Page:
One hundred years ago the Canadian Pacific liner Empress of Scotland arrived on a visit to Falmouth from Plymouth, under the command of Capt Gillies, for a 16 day drydocking programme in number three drydock. The liner at the time was the largest ship to enter Falmouth harbour.

Such was the interest in this ship that she was open for public inspection - one shilling for adults and sixpence for children, with all proceeds going to the Royal Cornwall Sailors’ Home, Falmouth Hospital and the Royal Cornwall Little Girls Home.

The 25,000 liner was laid down as the Europa in Stettin for the Hamburg Amerika Line. As one of the largest ships built at the time the launch was witnessed by the Kaiser and Empress who sponsored the ship.

Bestowing such an honour on the shipping company it was decided to rename the ship Kaiserin Auguste Victoria. Fitted with quadruple expansion engines the ship could reach 17 knots.

During World War One the ship remained in New York harbour for the duration of the war.

Following the peace treaty the vessel transferred to British ownership and was eventually purchased by Canadian Pacific and renamed Empress of Scotland.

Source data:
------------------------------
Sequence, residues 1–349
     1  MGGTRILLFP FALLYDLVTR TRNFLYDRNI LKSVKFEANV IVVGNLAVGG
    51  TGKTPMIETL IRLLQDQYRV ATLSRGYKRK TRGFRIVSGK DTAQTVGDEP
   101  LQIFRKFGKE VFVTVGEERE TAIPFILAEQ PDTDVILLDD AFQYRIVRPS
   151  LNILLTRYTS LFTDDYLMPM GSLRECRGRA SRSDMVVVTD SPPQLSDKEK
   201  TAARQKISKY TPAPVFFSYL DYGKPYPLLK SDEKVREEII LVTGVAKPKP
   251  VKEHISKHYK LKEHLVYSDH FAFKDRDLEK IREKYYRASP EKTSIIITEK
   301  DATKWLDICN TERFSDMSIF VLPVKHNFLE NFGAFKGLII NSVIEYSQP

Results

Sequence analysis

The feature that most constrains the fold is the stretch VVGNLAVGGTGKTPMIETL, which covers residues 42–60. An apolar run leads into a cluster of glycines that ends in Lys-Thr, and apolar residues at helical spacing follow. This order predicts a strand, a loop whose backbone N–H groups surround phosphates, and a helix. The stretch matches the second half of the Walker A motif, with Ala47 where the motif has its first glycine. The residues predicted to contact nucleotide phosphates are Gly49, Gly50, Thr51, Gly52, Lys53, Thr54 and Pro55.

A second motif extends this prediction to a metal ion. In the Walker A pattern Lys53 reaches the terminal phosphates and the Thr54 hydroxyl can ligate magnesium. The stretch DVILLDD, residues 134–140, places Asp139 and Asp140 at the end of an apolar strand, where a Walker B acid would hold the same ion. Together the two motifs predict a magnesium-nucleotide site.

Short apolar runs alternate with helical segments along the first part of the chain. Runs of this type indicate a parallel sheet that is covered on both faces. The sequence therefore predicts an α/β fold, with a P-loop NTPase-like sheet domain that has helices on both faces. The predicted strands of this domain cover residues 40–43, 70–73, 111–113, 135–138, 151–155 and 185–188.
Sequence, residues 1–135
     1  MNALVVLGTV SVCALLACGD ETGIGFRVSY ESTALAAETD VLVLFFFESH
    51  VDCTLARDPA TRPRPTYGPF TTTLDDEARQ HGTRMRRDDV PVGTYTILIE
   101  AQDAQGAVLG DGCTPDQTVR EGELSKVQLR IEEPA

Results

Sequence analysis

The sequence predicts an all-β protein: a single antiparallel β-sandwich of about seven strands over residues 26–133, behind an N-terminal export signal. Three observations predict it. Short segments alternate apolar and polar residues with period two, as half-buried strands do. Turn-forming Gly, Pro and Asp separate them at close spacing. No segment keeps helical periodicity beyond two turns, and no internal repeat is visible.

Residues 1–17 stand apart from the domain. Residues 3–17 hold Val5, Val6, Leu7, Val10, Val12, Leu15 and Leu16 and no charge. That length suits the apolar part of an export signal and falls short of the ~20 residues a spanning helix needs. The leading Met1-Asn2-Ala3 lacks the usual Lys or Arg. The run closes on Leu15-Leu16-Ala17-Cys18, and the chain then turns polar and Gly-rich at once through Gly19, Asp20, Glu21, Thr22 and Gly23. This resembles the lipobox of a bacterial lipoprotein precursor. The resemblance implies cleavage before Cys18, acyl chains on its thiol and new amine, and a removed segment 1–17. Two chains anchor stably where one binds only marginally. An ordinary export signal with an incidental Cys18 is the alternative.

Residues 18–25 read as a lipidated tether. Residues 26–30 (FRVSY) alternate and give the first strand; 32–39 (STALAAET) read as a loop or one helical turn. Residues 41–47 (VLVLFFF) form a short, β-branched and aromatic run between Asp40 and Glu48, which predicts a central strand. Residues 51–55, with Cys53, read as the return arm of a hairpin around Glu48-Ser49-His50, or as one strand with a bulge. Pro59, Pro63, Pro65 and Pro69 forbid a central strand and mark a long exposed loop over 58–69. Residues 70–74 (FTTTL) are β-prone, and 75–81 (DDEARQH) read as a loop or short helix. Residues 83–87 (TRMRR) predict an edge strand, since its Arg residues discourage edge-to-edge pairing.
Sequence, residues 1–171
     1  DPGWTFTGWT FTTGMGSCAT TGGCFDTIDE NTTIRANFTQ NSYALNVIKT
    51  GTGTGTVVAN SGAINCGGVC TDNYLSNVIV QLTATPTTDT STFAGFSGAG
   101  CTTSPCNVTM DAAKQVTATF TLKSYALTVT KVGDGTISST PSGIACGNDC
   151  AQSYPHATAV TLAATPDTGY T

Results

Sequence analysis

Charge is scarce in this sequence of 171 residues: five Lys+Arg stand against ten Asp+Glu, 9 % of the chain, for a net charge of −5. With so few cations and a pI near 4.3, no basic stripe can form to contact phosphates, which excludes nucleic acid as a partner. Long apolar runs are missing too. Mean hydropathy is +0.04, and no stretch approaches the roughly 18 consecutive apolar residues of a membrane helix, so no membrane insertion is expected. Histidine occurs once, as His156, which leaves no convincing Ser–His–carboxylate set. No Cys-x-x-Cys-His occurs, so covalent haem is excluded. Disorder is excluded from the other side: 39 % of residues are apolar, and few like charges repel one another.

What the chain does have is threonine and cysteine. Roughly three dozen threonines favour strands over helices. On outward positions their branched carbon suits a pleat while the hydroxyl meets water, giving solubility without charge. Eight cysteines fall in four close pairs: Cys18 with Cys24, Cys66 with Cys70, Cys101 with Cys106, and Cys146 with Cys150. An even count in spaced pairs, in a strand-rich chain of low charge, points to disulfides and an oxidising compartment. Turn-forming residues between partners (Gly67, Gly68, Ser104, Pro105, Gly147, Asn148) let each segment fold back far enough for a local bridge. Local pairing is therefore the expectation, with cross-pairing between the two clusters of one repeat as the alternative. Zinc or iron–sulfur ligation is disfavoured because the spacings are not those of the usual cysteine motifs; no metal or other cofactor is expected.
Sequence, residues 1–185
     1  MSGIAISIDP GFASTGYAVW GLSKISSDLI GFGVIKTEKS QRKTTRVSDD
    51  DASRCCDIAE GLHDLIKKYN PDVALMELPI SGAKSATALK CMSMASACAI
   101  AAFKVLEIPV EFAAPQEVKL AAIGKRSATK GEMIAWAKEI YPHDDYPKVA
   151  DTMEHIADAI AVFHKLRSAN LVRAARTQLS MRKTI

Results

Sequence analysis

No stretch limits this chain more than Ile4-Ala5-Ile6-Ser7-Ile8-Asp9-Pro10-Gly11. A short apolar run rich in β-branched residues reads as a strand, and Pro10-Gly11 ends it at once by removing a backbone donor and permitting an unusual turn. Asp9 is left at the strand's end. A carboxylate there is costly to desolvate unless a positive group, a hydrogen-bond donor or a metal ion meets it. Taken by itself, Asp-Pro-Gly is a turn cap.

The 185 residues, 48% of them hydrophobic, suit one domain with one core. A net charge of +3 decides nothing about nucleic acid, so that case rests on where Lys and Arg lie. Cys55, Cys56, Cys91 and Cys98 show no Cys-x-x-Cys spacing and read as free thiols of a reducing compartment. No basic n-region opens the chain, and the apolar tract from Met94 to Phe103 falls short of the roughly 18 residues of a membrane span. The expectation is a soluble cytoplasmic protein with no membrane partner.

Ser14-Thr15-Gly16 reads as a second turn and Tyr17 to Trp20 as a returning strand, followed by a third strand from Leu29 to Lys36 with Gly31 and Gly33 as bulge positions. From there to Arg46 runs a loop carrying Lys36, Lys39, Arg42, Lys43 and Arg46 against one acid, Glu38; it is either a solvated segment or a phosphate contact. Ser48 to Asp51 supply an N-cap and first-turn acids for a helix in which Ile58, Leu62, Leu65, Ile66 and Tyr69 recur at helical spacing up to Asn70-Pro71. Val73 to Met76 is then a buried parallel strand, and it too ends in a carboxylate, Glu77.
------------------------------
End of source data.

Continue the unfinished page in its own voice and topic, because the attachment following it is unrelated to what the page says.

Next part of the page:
The year 1925 saw the ship on two world cruises - the largest ship at the time to pass through the Panama Canal. A decision was made to scrap the liner in 1930 at Blyth.

Onboard the passenger accommodation was adorned with Persian, Chinese and Indian carpets with wood panelling of maple and satinwood. Paintings given by the Kaiser were still onboard.

Unfortunately, whilst alongside she caught fire; such was the ferocity of the fire, holes were cut in the ship’s side to allow water in, the ship listed and settled. All of the beautiful artefacts were lost.

A year later the scrapping had been completed.